Linked by Thom Holwerda on Wed 29th Feb 2012 09:47 UTC
Hardware, Embedded Systems This morning, I experienced the nerd equivalent of a Black Friday $50 iPad sale. At 07:00 CET, the first batch of the much-anticipated Raspberry Pi went on sale, and while Raspberry Pi itself was very properly prepared, the two large international retailers actually selling the device weren't - despite warnings from Raspberry Pi about the enormous amount of traffic that would come their way, the two sites crumbled to dust within seconds. There's good news too - the cheaper model A has seen its RAM doubled at no additional cost.
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Raspberry Pi not to blame?
by sgray on Sun 4th Mar 2012 22:09 UTC
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I am a regular on OSNews and read the columns almost daily. As an integrator/consultant, the information is usually very relevant to my work. While I agree that the Raspberry Pi launch played out much like a Black Friday sale, your post from February 29th is so grossly misstated that I feel I must set the record straight. I would note, that I have been a strong supporter of the Raspberry Pi organization and the two embedded boards they are working to release. I have been a patient customer, waiting until I could get my hands on one and test it, before fully recommending it to my clients. Having said that, I have made many positive comments about the organization to my clients, and it's apparent lack of experience in distribution has left me embarrassed for doing so.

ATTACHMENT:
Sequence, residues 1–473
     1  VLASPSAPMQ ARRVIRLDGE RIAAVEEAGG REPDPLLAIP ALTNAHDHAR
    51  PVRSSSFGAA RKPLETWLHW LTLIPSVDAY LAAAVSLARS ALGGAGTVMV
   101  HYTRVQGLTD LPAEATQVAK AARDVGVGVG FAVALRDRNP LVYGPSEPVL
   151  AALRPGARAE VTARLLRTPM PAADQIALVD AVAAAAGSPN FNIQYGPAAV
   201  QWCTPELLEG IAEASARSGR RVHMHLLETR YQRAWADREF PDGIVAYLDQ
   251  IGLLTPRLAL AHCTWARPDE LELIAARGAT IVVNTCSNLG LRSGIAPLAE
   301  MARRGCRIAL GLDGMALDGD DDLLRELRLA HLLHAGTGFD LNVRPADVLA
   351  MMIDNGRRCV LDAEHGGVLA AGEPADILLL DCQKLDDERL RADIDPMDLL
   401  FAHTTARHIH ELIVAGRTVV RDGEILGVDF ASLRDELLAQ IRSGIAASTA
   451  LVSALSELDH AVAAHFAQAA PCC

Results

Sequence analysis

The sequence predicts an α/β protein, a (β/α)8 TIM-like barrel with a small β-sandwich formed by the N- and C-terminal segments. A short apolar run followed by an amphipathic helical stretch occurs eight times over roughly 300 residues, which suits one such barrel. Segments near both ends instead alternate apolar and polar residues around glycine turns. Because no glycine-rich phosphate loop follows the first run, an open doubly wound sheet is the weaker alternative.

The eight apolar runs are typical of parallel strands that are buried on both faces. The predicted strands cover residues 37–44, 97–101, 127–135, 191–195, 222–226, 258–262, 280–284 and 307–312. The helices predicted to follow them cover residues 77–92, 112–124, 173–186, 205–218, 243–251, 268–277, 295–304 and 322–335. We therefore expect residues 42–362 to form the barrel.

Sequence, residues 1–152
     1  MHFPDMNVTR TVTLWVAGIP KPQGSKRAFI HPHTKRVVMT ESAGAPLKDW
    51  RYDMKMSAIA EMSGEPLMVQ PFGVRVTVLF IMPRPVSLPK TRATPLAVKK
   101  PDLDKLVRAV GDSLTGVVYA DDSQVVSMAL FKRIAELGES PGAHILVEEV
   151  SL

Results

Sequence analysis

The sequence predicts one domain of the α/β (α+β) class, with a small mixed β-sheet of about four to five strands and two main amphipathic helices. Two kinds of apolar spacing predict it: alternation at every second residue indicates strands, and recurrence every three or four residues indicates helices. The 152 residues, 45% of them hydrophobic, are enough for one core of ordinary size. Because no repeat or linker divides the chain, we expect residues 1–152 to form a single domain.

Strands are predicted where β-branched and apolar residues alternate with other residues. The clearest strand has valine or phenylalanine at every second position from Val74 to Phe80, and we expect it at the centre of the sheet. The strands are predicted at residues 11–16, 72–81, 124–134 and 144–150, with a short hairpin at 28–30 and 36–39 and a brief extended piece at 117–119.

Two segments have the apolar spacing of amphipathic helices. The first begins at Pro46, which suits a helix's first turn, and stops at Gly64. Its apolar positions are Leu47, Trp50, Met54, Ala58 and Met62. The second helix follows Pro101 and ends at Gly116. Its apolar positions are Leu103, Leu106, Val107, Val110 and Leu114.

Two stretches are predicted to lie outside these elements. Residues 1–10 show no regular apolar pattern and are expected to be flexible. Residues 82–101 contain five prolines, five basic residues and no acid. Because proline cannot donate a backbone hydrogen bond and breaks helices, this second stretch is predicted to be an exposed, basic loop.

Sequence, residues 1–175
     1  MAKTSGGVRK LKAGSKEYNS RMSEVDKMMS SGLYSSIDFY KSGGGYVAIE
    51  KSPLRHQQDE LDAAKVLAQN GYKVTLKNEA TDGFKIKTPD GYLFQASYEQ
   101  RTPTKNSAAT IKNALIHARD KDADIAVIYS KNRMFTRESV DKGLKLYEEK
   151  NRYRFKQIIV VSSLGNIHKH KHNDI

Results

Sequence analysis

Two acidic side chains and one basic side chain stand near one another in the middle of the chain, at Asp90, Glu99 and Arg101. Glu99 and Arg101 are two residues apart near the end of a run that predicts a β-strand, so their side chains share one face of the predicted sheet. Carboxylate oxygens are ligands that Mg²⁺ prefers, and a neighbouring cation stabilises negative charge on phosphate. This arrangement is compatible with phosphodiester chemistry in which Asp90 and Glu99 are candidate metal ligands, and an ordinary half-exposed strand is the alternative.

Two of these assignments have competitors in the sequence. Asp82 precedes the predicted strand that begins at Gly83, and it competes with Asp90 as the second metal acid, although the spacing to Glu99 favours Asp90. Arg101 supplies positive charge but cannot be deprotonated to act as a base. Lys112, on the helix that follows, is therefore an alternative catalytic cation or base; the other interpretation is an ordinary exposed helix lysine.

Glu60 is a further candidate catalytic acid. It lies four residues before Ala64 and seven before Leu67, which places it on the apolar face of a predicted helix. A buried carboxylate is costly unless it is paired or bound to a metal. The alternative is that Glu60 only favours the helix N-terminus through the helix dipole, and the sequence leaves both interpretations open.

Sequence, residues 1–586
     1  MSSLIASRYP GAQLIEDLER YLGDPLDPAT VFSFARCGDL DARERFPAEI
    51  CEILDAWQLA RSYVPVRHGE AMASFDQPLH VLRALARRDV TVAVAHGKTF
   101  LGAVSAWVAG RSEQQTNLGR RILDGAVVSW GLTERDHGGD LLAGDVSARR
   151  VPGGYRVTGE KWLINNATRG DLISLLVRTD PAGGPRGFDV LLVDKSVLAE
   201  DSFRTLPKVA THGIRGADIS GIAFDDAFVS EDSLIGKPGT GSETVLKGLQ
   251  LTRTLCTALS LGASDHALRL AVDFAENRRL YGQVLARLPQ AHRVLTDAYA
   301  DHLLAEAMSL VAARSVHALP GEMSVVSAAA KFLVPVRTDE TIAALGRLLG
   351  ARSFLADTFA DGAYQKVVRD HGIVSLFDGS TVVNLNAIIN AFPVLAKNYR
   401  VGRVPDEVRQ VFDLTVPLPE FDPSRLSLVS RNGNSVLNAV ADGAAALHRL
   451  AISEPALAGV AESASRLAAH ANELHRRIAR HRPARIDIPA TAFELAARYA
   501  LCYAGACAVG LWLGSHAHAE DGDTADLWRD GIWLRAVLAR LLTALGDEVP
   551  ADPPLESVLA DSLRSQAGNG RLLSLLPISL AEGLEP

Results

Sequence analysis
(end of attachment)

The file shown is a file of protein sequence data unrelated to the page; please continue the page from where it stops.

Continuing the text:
First, you state in the article that "while Raspberry Pi itself was very properly prepared, the two large international retailers actually selling the device weren't".

1. Unless you can prove otherwise, I will assume that you do not have in your possession, copies of any contracts or other communications that may or may not exist between Raspberry Pi and it's vendors and partners.

2. The two electronic component distributors, not retailers as you suggest, were clearly under no contractual obligation to begin selling Pis to anyone on that date. This is evidenced by the fact that one was voluntarily taking preorders and the other was accepting "notes of interest" while waiting for the first batch of boards to arrive.

3. Both distributors were not exactly "international." At least one of them sold to the United States through a sister company, which had no immediate plans to sell to the U.S., despite Raspberry Pi's posting that everyone is free to order from any one of the two distributors.

In the article, you state, "...I dutifully set my alarm clock to 06:45." You also state "...the Raspberry Pi site never went down."

1. by your own admissions, you were not awake and tracking's reachability in the hours prior to the launch. On the other hand, myself and several engineers I know witnessed the site go down well in advance of the launch. It wasn't until about the time that you got online, that the site was reachable again and a static page was set.

In the article, you state, "Over Twitter, Liz from Raspberry Pi did state they had warned the retailers - but apparently the message didn't get through or wasn't taken seriously."

1. First, you are not ever going to "warn" a distributor, or retailer for that matter, of any expected response to such a launch. There is this thing in business we call a contract. It sets out all of the terms and conditions of sales, dates, expected buying patterns, anything related to the distribution of the goods. It also limits liabilty and sets out the responsibilities of each party.
You will note that: